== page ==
The Klartext news bulletin is actually designed for mentally disabled people, but it also works for beginners learning Swedish. It’s faster than Radio Sweden på Lätt Svenska, but still uses simplified language, so it’s good for language learners wanting to move a step up (so long as you don’t mind getting a bit more news than you might expect of particular relevance to the disabled). 

Simple Swedish

Despite its name, the Simple Swedish podcast from Fredrik Arhusiander, is not for beginners, but rather to help people who already understand basic Swedish develop their vocabulary and listening skills. The episodes aren’t graded, so can be listened to in any order, and feature Fredrik discuss his life, what he’s doing, what’s in the news, basically anything at all, in slow, simplified Swedish. With 146 episodes so far, there’s a lot of material to get through. Fredrik also offers his Strong Swedish online course for €199. 

SR Ekot nyheter 

After you’ve listened to the two simplified versions of Sweden’s official radio news bulletin for a few months, it might be time to try the real deal. The Ekot Nyheter podcast has three major broadcasts a day: in the morning, at lunch, and in the evening. If you make it part of your routine, you’ll find that what starts off a bit hard to grasp slowly becomes as easy to understand as news in your own language. 


Anyone with half-Swedish children can benefit from listening to Radioapan, “the radio monkey”, a podcast from Swedish state radio’s children’s channel which has original stories, children’s radio plays, and readings from children’s books. It’s a really great resource. 


Lysande Lagom. The Lysande Lagom podcast from Emil Molander and Sofi Tegsveden Deveaux combines analysis of the clichés and reality around Sweden and Swedishness with language-learning advice. It’s from Lys Förlag, the publisher which published The Local’s Swedish Word of the Day anthology, Villa, Vovve, Volvo, and it makes for very entertaining listening.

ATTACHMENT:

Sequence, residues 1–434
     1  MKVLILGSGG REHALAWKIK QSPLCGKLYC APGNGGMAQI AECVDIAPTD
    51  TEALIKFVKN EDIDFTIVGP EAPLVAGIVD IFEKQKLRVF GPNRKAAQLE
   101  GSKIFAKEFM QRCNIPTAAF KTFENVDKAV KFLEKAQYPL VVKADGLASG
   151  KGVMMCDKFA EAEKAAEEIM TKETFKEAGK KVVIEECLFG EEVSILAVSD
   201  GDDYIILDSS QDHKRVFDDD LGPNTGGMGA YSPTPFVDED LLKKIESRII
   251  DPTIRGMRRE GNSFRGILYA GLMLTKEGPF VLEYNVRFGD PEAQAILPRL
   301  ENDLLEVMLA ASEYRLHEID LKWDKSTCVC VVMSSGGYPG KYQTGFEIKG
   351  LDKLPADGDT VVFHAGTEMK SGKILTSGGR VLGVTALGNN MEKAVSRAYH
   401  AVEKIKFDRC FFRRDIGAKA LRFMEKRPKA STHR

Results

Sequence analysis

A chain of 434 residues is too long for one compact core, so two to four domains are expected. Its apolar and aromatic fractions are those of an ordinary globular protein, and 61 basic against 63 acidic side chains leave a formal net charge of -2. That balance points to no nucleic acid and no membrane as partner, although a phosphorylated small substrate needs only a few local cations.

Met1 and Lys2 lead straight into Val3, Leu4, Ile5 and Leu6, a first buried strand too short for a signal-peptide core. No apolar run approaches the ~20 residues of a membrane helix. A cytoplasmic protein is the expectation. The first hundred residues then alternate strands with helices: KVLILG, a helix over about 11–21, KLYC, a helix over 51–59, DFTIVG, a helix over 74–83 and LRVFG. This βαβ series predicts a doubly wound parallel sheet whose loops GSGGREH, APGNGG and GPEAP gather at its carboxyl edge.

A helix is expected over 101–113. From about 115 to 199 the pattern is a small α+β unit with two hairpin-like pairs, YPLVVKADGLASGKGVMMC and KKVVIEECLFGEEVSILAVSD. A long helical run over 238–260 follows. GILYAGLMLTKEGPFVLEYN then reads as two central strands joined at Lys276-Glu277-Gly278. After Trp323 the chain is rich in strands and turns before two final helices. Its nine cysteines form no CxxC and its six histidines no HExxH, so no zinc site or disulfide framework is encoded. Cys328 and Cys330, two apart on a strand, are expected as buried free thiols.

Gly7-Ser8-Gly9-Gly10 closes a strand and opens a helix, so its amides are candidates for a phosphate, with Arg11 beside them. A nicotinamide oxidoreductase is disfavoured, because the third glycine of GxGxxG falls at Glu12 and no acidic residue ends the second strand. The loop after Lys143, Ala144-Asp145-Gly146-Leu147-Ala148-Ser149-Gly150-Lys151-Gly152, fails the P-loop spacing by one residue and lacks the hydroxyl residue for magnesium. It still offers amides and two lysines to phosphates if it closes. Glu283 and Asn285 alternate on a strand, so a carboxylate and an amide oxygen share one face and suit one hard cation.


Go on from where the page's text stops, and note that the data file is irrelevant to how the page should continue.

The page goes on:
Ekots Lördagsintervju

The long Saturday interview on SR, Ekots Lördagsintervju, is a great way to develop your listening skills, with host Johar Bendjelloul grilling party leaders, ministers, agency chiefs and other important people in the news  

Alex och Sigges poddcast 

The 10-year-old comedy podcast, Alex & Sigge’s podcast, is an institution in Sweden. It features Alex Schulman and Sigge Eklund, two novelists and media personalities, talking about the news, their lives and just about anything they find amusing. 


Currently Sweden’s most listened-to podcast, Rättegångspodden, which translates as “The Trial Pod”, exploits the fact that all trials in Sweden are recorded, with the audio available to the public, to develop dramatic true crime podcasts. The podcast’s founder Nils Bergman, also uses audio evidence collected by police, such as intercepted phone calls. For language learners with a true crime bent, this is a great way of improving your Swedish. The long form documentary podcasts on P3 also have a lot to offer for true crime enthusiasts.  


The Politiken podcast from Svenska Dagbladet is far and away the best podcast in Swedish on politics in the country. Wife and husband journalist team Maggie Strömberg and Torbjörn Nilsson analyse the week’s developments, with Strömberg providing up-to-the-minute gossip from the Riksdag cafeteria and Nilsson drawing on his encyclopaedic knowledge of Swedish political history to put it all in context. Linguistically, it’s quite rich, so regular listening will expand your vocabulary.  


Language geeks might enjoy Språket, a podcast from SR on language usage and etymology, which will help advanced Swedish learners get to grips with some of the things that puzzle even native speakers. If this is the sort of thing that floats your boat, then you might also enjoy Språktidningens podd, the podcast from Sweden’s language newspaper Språktidning.